1,000 Missionaries Seek Phony Conversion Certificates to Enter Israel Under Law of Return05/31/2011
A plan to bring 1,000 missionaries to Israel, under the guise of newly converted Jews seeking to settle the Shomron, is picking up steam, Yad L’Achim has learned.
The plan, which calls for the missionaries to undergo “conversion” to Judaism in the United States and then immigrate under the Law of Return, was hatched by Baruch Abramovich, a veteran missionary from Portland.
Though the plan was originally kept under wraps, Abramovich, host of a messianic Russian-Christian radio show, has recently begun speaking about it publicly. “We aspire to create a community in Samaria, or in any area that would like to absorb people who truly love Israel and the Jewish religion,” he said.
Yad L’Achim is sounding the alarm on the plan, in light of the fact that every year hundreds of missionaries use a similar ruse to infiltrate Israel, and then turn around and try to convert Jews out of their religion.
“They obtain conversion certificates abroad that are based on blatant lies,” says Yad L’Achim chairman Harav Shalom Dov Lifschitz. “They’re ‘permitted’ to lie, according to their beliefs, in order to obtain a document that will help them advance their nefarious goals.
“The rabbis and Jewish courts in the United States have to be made aware of this plan in order to prevent the issuing of phony conversion documents. They must thoroughly check the origins and beliefs of those coming before them to convert. We have experience with gabbaim in shuls who are missionaries.”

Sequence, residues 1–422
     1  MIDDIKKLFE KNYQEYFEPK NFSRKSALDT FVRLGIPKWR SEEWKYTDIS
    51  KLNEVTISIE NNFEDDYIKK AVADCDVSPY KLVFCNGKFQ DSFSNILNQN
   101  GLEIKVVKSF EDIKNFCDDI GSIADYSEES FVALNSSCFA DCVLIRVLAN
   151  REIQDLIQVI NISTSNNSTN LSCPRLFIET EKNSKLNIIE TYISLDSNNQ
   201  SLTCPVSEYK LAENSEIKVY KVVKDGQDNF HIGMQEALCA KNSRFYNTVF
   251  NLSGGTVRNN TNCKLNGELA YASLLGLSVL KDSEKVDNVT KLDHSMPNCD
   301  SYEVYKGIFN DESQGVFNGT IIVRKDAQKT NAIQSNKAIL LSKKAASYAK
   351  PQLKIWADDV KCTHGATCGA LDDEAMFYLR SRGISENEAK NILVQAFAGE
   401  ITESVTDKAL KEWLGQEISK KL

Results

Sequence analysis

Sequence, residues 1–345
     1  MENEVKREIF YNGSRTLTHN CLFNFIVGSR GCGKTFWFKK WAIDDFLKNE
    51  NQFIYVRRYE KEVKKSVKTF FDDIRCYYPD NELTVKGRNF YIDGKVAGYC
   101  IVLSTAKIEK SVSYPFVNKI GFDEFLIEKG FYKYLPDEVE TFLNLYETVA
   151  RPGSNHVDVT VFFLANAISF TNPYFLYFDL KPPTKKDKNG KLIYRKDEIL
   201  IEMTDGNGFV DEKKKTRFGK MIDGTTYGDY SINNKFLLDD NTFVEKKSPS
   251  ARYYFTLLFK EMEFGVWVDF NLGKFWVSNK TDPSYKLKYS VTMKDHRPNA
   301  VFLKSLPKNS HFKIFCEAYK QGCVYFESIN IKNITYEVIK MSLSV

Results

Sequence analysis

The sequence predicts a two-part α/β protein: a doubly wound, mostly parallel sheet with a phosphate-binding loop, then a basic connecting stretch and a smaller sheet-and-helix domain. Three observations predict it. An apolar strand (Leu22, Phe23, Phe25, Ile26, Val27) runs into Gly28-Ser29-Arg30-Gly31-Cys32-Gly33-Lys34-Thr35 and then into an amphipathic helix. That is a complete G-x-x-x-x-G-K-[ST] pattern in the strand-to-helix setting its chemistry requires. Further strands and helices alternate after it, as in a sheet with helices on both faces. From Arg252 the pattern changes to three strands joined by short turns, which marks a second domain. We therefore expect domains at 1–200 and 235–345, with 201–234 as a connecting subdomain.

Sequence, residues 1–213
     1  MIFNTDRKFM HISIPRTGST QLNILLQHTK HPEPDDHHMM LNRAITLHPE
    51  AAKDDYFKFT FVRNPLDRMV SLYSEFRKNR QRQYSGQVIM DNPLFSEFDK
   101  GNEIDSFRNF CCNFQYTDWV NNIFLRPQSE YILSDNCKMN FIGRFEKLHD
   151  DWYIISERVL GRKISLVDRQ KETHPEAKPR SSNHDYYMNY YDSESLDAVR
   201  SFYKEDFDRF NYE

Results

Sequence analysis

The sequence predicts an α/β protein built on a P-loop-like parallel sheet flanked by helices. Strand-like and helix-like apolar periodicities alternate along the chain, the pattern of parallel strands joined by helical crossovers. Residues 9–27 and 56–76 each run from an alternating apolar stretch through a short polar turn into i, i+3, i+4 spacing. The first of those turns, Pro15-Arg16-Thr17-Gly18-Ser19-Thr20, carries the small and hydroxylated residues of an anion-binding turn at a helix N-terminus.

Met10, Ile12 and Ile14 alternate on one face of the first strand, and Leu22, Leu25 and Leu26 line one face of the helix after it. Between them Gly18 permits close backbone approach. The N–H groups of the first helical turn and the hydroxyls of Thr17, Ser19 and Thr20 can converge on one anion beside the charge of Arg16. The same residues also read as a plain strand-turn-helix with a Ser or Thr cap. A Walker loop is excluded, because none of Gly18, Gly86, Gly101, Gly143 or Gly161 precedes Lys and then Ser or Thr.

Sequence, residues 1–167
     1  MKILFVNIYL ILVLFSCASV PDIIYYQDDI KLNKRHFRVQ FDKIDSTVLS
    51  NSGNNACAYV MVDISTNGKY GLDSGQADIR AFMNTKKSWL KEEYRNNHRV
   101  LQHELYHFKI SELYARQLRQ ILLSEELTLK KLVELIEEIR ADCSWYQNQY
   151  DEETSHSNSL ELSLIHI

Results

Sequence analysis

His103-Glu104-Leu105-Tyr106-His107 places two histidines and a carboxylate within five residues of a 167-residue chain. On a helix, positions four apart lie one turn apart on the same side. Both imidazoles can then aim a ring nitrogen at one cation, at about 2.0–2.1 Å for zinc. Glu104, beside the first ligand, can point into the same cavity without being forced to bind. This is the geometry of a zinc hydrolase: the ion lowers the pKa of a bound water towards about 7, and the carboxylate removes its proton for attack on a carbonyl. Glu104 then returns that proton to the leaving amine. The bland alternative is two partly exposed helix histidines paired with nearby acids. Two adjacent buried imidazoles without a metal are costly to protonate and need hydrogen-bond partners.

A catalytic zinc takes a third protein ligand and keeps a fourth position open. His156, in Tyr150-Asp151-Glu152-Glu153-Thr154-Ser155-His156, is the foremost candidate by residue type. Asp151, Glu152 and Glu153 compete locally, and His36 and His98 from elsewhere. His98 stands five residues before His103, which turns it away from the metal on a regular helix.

The plan to bring 1,000 missionaries to settle the Shomron got a boost last week, when its advocates met with MK Lia Shemtov (Yisrael Beiteinu), head of the Knesset’s Immigrant, Absorption and Diaspora Committee, who promised her help in advancing the initiative.
“Bringing in hundreds of educated, well-established people to Israel will help the development of the Shomron as an inseparable part of the state of Israel,” Shemtov said. “We’re talking about a group that wants to undergo Orthodox conversion, to contribute to the economy and to even serve in the Israel Defense Forces.”
In response, Yad L’Achim’s chairman wrote an urgent letter to Mrs. Shemtov, warning of the dangers of the plan. “Every year, hundreds of missionaries infiltrate Israel, of which nearly 100 are caught for having lied to the authorities about being Jewish,” he wrote. Rav Lifschitz enclosed hard evidence showing that Abramovich is a senior, and very active, missionary.
“The missionaries seek to use their Orthodox conversion certificates to reach as many Jews as possible,” Rav Lifschitz wrote. “According to our information, there is a suspicion that Abramovich’s group is likewise arriving with the goal of getting innocent Jews to convert to Christianity.”
Rav Lifschitz concluded his letter with a moving appeal. “In light of this despicable, dangerous phenomenon, we ask you: Please, don’t cooperate with this group; do everything in your power to prevent their coming to Israel, for the sake of the Jewish people in Eretz Yisrael. It is incumbent upon all of us, those who keep the Torah and mitzvos and those who don’t, to do everything we can to block the missionaries and their representatives in their efforts to destroy our people, and to eradicate our faith in one G-d.”
A parliamentary aide to Mrs. Shemtov said in response that Abramovich had not informed her that he was head of a missionary group in Portland when he asked for assistance, and that she would be investigating the matter.